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5G

Adtran Will Be a 5G Winner, Says Analyst

Broadband equipment vendor Adtran is in a strong position to profit from forthcoming investments in higher-speed mobile networks thanks to the attractions of its NG-PON2 portfolio, according to a leading analyst.

MKM Partners' Michael Genovese, who maintains a "buy" recommendation on Adtran's stock, reckons NG-PON2 has a role to play in the backhaul and fronthaul parts of future 5G networks. Adtran Inc. (Nasdaq: ADTN), which published earnings Wednesday (for an in-depth look at the numbers, read this story on Broadband World News, our sister site), is one of several broadband technology vendors that have been at the forefront of NG-PON2 development.

For anyone in the dark, NG-PON2 is a next-generation broadband standard that can support between four and eight 10Gbit/s wavelengths over a single fiber. It features in the broadband plans of some of the world's biggest operators, including the likes of Altice and Verizon Communications Inc. (NYSE: VZ) in the US. (See Service Provider Split Emerges Over NG-PON2 Upgrade.)

Backhaul, for those still in the dark, is the connection between a mobile site and the core network. Wireless microwave technology is sometimes used here, but fiber is much better when there is a lot of high-speed mobile data traffic at play. (See Altice Backs NG-PON2 to Enable 5G.)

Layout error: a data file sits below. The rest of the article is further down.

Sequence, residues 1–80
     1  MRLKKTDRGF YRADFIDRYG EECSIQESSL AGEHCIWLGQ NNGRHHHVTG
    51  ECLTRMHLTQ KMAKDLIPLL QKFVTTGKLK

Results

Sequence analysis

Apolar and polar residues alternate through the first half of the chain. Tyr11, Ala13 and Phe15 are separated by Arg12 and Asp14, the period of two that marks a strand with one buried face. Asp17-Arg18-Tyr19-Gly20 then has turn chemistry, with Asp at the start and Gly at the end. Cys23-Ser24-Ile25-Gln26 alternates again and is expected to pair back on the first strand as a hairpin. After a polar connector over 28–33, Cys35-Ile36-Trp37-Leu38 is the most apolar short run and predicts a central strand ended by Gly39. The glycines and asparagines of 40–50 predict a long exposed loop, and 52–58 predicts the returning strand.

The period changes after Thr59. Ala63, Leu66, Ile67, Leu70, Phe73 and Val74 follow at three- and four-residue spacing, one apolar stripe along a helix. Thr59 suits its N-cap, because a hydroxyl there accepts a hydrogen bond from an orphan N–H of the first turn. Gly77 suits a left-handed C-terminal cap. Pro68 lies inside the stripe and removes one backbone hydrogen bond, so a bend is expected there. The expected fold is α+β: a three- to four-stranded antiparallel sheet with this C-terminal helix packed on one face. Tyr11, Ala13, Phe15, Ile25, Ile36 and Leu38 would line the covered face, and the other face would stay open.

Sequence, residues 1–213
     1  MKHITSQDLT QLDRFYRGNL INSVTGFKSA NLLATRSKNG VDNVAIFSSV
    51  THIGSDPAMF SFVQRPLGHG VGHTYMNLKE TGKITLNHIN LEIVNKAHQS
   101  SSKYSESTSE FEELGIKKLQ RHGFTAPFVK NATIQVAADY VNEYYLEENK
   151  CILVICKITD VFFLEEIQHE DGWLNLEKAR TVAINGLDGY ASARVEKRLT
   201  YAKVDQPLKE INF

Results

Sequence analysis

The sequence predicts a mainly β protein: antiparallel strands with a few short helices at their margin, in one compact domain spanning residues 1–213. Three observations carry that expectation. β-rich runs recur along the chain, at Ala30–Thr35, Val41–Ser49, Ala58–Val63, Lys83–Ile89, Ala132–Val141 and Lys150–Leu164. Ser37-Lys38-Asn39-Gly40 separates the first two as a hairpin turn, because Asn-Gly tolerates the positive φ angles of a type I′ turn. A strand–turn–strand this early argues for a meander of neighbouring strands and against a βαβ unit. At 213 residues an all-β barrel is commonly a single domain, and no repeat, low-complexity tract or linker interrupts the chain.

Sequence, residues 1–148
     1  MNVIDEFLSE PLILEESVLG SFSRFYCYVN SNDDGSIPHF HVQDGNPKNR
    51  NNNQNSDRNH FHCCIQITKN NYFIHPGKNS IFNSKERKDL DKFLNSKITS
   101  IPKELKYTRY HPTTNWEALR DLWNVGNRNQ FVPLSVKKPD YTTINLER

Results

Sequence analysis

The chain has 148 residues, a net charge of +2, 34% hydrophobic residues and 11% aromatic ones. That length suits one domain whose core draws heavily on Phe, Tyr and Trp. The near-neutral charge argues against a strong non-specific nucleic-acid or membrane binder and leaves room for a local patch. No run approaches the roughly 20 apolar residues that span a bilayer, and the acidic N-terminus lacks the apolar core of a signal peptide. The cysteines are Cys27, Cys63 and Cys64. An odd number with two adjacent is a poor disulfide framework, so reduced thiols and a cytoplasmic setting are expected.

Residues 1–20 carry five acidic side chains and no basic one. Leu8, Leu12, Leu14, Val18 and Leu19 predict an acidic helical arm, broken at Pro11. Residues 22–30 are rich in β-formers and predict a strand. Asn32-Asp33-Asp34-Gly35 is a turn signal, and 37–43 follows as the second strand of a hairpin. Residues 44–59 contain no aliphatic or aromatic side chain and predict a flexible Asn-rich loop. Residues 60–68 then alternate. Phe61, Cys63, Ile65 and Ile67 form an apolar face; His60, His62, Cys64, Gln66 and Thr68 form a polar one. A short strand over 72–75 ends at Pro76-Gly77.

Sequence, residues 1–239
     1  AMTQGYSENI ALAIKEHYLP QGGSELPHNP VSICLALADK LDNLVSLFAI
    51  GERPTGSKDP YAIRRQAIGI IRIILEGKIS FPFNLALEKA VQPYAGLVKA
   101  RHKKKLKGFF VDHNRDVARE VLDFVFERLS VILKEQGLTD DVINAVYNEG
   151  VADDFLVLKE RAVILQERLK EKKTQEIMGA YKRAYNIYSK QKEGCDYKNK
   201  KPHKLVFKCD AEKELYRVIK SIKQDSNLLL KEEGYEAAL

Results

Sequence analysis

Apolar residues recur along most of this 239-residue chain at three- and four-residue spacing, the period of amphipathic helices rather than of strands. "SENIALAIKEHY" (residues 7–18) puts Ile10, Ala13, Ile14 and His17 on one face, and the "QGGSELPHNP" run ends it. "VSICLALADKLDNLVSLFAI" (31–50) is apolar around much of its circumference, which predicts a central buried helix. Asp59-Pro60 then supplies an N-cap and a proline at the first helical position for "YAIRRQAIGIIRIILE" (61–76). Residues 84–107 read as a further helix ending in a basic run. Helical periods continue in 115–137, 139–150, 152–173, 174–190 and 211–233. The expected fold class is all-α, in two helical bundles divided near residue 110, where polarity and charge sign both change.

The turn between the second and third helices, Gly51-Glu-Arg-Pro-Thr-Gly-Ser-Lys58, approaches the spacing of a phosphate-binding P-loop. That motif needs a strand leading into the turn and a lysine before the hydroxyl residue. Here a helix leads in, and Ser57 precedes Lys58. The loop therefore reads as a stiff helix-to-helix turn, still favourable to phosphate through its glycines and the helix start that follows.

Altice is already planning to use NG-PON2 technology in this part of its future 5G networks. Indeed, at a conference in Valencia earlier this year, José Salgado, a network system development manager at Altice Labs, went as far as saying that "5G will be the most important driver for NG-PON2."


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Light Reading.


Salgado reckons NG-PON2 could be even more valuable in the 5G fronthaul -- the link between a remote radio head and the baseband unit that processes radio signals. Traditionally, these elements have all been housed at the mobile site. With virtualization of the radio access network, operators could do their baseband processing at data centers, using NG-PON2 for the connections between those facilities and the radios left at the mobile site.

Genovese also thinks Adtran is poised to land additional business with telcos and cable operators in the US. And he lauds the company's efforts to land deals with international players other than Deutsche Telekom AG (NYSE: DT), which has historically used Adtran's equipment in Germany.

"There is stability-to-growth with US Tier 1 customers, strong 2H18 growth in the Tier2/3 market and a new, very positive opportunity with cable MSOs [multiple system operators]," he said in a research note. "Adtran is also diversifying its international business beyond just one key large account."

All of this will sound welcome to investors. Hit by a downturn in the market for network equipment, Adtran swung to a net loss of $7.7 million in the recent second quarter, from a net profit of $12.4 million a year earlier, and its sales were down 31%, to $128 million.

— Iain Morris, International Editor, Light Reading

brooks7 7/19/2018 | 4:29:49 PM
Re: Second opinion